Part of what’s made Brian Eno the authority on ambient music is his conviction that the genre will never accommodate any such thing as authority. To Eno, ambient is a shifting document merely suggestive of time, place, and mood; matters of its design, ownership, and impact are ultimately less crucial than the room for interpretation it creates. On Reflection, Eno’s seventh release in seven years, this underlying logic is repurposed for what Eno calls “generative music” (his word for “pieces that make themselves”), meaning that the album’s single 54-minute track is merely one incarnation of an infinite musical system, a window into a massive soundscape of loops and lulls.
This conceptual needling has endowed Eno’s career with extracurricular significance, and his output with an otherworldly aura and appeal. “Reflection” is a case where he chips away at his original artistic endeavor (writing a short phase of music) with a series of algorithmic manipulations (such as pitch-shifting every 50th note), thereby creating a system of understated inconsistencies; as the piece proceeds and these manipulations repeat, they become increasingly consistent, almost as recognizable as the origin loop itself. The question in this dance between rule and rule-breaking is which is more central to the experience of the piece, and whether “Reflection” would be as captivating without its instances of quiet rebellion.
Listening to “Reflection” is therefore a relaxed acclimation to its repetitive motif and its whisper-thin departures. Eno’s central pattern—a procession of calm, reverberating chimes—is continually introduced by a slow bed of synths, and then followed by a rise and fall of midtempo synths; other recurring noises include distant buzzing, the sustained whirr of what sounds like an ocean wave captured sonically, and an effect that seems uncannily like a finger running the rim of a half-filled glass of water. (Certain instruments bring to mind warm, improvised vibraphones, while others evoke the automated tones of elevators and public transit; the mix evokes man and machine merging together, one of Eno’s thematic fixations.)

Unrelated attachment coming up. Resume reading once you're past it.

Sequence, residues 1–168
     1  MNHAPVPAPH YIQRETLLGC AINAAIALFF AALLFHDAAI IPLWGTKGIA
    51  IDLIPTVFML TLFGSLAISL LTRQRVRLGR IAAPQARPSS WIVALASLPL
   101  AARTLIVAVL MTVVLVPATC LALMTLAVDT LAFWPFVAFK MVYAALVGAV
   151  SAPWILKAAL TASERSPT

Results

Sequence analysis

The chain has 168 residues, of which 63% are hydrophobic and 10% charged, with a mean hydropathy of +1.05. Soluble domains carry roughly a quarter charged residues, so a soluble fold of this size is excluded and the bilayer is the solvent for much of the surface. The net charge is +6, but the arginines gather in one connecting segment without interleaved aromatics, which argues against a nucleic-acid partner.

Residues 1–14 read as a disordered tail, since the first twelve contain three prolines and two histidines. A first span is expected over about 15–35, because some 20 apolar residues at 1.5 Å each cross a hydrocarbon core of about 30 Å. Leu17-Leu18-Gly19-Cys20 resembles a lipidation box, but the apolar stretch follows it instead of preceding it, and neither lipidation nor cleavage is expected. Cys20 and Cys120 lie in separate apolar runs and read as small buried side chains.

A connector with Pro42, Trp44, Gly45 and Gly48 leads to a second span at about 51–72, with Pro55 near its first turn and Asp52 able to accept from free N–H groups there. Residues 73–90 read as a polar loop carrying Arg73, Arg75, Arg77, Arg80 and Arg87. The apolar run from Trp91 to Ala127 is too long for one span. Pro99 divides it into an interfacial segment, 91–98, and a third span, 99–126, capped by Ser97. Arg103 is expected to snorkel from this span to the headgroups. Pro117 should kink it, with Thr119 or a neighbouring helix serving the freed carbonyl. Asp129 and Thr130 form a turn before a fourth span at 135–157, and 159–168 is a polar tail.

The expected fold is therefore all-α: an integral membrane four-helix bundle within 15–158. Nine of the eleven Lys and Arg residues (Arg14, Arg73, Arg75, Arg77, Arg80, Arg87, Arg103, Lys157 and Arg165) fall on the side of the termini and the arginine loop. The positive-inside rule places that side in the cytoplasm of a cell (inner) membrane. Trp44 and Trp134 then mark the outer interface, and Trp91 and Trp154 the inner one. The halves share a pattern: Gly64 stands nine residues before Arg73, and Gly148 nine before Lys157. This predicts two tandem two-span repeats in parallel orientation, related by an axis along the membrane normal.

This is music that’s never the same but sounds like it is, obsessed with the fact that it isn’t.
Moments of suspense come and go but with diminishing returns, and by the 10th arrival of the same passage of calculated tension there’s little fear that it won’t pass yet again. And in between are long stretches of hovering that find “Reflection” at its most lost, most in need of a grand drama not quite captured by Eno’s infinite (and infinitely small) variations. The result is one of his most nuanced and meticulous pieces but not one dependent on—nor effectively displaying—its little deviations.
Reflection is accompanied by an app that allows endless streaming of the piece as it changes subtly according to the time of day. (As explained by Peter Chilvers, Eno’s collaborator on the project: “The harmony is brighter in the morning…[the piece reaches] the original key by the evening”). In a sense, the 54-minute track is therefore something of an advertisement, an excerpt cut to the size of the industry’s sales format to preview an extended director’s version. Yet it’s hard to imagine anybody sitting through this near-hour of music and coming away with the impression that the one thing it needs is to be considerably longer; instead, it’s more rewarding to consider “Reflection” as-is, and as Eno’s final say on the piece (as opposed to one permutation of a boundless symphony, as abstractly worthwhile as that may be).
Most of all, “Reflection” is cause to revisit Eno’s theory that musical repetition doesn’t really exist, that “as far as the mind is concerned, nothing happens the same twice.” This idea—that the imprecision of human interpretation obscures repetition— works just as well in the other direction: Even a piece such as “Reflection,” which consciously evades repeating itself, can be experienced by the listener as something which in fact does repeat. “Reflection” the song is thus another thoughtful contribution from Eno, and perhaps his strongest and most focused soundscape since 1978’s landmark Music for Airports. But packaged as Reflection the album alongside Reflection the app, the piece adopts a conceptual hang-up: This is music that’s never the same but sounds like it is, obsessed with the fact that it isn’t.